"I have $100 now, and I can get you the rest when we get down there."

"How about a credit card?" I suggested. "I can take your card."

"I don't have one," he said.

"Sorry, I can't take you without the cash. I would try some other cab companies. You might find somebody willing to accommodate you."

Without another word, or even a nod, the man slipped out of the cab. Well, that was weird but not unusual, I thought. Sometimes a fare just doesn't pan out.

A half hour later, a call came in from J.R.'s, another convenience store down the street from the Shopping Bag. The clerk said, "I need a cab here for a guy [who]wants to get to Hertz on Shelburne Road."

I wasn't surprised when I arrived at J.R.'s to find the Shopping Bag guy out on the curb. On the drive to the car rental, I considered engaging with him about his plan (I assumed) to drive himself to New York. I sporadically rent cars and was pretty sure that all the companies required a credit card. But I said nothing. Intuitively, I knew that this man was on a journey of his own making, one in which my input would be neither helpful nor, most likely, welcome.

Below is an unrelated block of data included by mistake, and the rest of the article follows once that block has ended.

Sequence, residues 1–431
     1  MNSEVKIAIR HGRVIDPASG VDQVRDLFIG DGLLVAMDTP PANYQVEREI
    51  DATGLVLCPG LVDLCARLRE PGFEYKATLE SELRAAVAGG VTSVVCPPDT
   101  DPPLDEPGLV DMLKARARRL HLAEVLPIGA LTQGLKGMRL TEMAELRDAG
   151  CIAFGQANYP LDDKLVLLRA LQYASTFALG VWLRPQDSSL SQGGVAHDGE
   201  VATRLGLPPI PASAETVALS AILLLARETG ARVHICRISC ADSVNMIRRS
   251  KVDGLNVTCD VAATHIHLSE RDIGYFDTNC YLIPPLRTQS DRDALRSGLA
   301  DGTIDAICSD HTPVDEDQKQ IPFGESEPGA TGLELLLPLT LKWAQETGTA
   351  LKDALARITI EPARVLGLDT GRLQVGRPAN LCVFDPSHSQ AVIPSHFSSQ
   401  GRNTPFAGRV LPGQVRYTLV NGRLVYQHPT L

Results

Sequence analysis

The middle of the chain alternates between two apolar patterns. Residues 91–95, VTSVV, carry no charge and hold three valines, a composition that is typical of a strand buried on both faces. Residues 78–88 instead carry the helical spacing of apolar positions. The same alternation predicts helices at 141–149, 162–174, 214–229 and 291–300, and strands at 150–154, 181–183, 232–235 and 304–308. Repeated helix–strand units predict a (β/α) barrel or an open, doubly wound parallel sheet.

When we pulled into Hertz, he paid me the fare. I put aside my misgivings and asked, "What's your name, brother?"

"Rocky."

"Rocky, would you like me to wait a minute? Just to make sure you're able to rent the car?"

"Yes," he said, and stepped out and walked into the rental agency. I was not offended by Rocky's curtness. It was evident to me that social interaction was difficult for him, perhaps unbearably so.